Two years into her term, and after carefully avoiding any success-free issues, Hillary
Clinton has finally launched herself into the Middle East peace process. According to Roger Cohen in the New York Times,
"The heavy lifting is now in Clinton’s hands".
As evidence of Clinton’s new role, Cohen lists a video conference with the Palestinian prime minister, where the US secretary of state announced $150 million in US aid to the Palestinian Authority
and said the Obama administration was “deeply disappointed” by recent Israeli behaviour.
Mrs Clinton’s foray into the Middle Eastern quagmire is interesting. It shows that the Obama administration is not going to give up and will, despite the increased opposition in the US
Congress, push ahead with its peace-making efforts. Given the tenor of recent US-Israeli relations, the Middle East conflict can now be added to the list of likely Executive-Congress disputes
alongside the START treaty.
Second, it shows that Mrs Clinton either feels she needs something to show for her time at the State Department – and believes there is a genuine chance of success; or that she has accumulated
enough political capital – being one of the US government’s most popular members – that she can afford to use a little in the last two years.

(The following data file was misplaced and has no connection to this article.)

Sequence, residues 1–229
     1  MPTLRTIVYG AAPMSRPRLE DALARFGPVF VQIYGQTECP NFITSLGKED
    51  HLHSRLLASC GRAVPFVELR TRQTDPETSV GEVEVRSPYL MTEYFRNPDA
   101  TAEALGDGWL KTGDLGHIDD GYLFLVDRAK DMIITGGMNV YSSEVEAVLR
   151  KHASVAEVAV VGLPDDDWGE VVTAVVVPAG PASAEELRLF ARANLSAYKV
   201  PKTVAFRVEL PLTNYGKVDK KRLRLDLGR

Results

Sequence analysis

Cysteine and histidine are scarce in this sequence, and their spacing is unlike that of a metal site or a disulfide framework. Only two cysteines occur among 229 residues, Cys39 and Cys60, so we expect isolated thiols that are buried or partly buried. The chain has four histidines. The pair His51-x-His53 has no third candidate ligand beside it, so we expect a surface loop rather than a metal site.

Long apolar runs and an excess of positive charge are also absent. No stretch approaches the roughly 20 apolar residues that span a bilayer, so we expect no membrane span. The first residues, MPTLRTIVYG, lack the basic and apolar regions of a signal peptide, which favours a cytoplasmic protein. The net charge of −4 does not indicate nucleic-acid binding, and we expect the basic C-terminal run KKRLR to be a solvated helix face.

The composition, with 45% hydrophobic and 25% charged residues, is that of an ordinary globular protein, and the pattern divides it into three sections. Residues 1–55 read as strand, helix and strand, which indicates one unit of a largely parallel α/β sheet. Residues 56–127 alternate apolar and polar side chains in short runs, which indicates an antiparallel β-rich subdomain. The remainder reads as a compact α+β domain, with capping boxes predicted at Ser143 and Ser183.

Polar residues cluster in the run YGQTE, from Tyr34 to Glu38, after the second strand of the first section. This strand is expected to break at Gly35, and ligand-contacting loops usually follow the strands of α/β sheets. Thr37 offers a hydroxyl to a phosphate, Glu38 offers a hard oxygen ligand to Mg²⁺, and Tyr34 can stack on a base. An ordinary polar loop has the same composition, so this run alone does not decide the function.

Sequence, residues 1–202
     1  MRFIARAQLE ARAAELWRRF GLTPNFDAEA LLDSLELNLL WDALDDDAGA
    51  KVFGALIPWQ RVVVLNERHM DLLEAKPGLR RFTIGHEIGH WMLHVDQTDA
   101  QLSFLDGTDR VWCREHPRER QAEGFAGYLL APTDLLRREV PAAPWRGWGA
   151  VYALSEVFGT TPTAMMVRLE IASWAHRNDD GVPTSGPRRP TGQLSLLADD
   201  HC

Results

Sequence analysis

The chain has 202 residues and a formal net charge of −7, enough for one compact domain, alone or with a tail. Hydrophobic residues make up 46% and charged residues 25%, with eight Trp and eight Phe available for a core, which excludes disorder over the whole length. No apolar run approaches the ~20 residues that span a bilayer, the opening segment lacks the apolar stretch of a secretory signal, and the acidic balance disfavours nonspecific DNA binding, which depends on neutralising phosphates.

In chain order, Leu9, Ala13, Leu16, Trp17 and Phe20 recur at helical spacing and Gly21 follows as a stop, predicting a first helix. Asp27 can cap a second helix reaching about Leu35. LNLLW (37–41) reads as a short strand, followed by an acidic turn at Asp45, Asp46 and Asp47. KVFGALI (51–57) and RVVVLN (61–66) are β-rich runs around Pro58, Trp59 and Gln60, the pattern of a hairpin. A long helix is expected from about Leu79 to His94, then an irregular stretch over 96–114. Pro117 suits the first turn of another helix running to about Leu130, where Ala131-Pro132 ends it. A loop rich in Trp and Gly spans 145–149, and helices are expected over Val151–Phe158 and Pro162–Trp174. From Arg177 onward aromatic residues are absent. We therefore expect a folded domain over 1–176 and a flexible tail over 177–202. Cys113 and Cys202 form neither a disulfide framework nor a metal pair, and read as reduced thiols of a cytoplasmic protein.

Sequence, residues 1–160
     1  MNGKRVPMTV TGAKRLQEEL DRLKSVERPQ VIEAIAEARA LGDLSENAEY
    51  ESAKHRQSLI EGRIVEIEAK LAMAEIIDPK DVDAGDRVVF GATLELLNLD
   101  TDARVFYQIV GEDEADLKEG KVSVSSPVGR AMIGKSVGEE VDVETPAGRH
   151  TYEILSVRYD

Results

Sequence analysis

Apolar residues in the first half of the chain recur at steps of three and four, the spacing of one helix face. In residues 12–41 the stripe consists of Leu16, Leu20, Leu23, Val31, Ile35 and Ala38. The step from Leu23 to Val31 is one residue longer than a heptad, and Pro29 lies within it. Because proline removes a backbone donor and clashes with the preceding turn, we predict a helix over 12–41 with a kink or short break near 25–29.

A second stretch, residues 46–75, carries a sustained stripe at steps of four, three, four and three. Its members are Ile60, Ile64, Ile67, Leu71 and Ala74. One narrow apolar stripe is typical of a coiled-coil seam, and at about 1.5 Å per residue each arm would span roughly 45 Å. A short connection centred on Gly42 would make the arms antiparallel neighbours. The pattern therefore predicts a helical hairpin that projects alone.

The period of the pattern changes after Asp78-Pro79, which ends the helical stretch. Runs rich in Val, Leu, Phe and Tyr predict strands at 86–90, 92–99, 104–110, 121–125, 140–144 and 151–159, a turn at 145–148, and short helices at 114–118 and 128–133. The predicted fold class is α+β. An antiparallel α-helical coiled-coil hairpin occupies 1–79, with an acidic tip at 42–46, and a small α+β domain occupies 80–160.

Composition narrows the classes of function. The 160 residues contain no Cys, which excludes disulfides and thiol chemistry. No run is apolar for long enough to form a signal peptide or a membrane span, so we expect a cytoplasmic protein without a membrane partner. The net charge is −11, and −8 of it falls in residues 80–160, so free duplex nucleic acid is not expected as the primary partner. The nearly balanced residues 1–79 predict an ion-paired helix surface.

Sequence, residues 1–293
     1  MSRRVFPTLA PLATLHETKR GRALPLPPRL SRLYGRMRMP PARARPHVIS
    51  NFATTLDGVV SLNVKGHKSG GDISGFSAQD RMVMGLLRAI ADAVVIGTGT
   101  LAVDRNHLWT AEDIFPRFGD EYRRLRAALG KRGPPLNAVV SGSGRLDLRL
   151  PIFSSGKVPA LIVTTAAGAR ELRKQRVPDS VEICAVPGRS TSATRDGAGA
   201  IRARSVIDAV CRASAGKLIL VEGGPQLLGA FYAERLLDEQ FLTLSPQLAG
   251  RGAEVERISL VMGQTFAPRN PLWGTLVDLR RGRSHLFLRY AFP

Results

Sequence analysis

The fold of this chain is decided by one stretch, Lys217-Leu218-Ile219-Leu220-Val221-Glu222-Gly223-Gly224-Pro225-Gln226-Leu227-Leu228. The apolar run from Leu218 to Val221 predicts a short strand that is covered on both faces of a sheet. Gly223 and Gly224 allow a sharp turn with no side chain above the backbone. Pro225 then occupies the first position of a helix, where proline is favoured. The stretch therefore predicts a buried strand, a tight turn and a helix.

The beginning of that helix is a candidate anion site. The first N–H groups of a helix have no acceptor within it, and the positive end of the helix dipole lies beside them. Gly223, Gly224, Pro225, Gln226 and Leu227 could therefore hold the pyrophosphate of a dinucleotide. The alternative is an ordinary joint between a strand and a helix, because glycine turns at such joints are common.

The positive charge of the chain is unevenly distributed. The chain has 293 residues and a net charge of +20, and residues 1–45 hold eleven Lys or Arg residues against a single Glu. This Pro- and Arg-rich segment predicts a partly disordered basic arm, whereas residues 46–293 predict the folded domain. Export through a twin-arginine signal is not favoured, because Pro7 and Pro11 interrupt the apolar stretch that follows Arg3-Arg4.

Can it work? Many Middle East experts and former negotiators are surprisingly optimistic these days. Perhaps it is a professional hazard, as I don’t see the conditions that would allow Benjamin
Netanyahu to make concessions, or enable Mahmoud Abbas to bring Fatah and Hamas with him.
A 90-day extension of the partial freeze on settlement building, the US short-term aim, does not automatically produce a viable final-status agreement in that time period. Smaller issues, like the
future border line between Israel and a Palestinians state, may be resolved. But even that seems a tad ambitious. Other sticking points will be much more difficult to resolve – particularly
Jerusalem’s future status and the deal offered to
Palestinian refugees – because the possibility of trade-offs across issues is diminished.
Failure, however, may dent US credibility further, particularly after the G-20 Seoul Summit stripped another coat of diplomatic paint off the Obama administration. Mrs Clinton has her work cut out.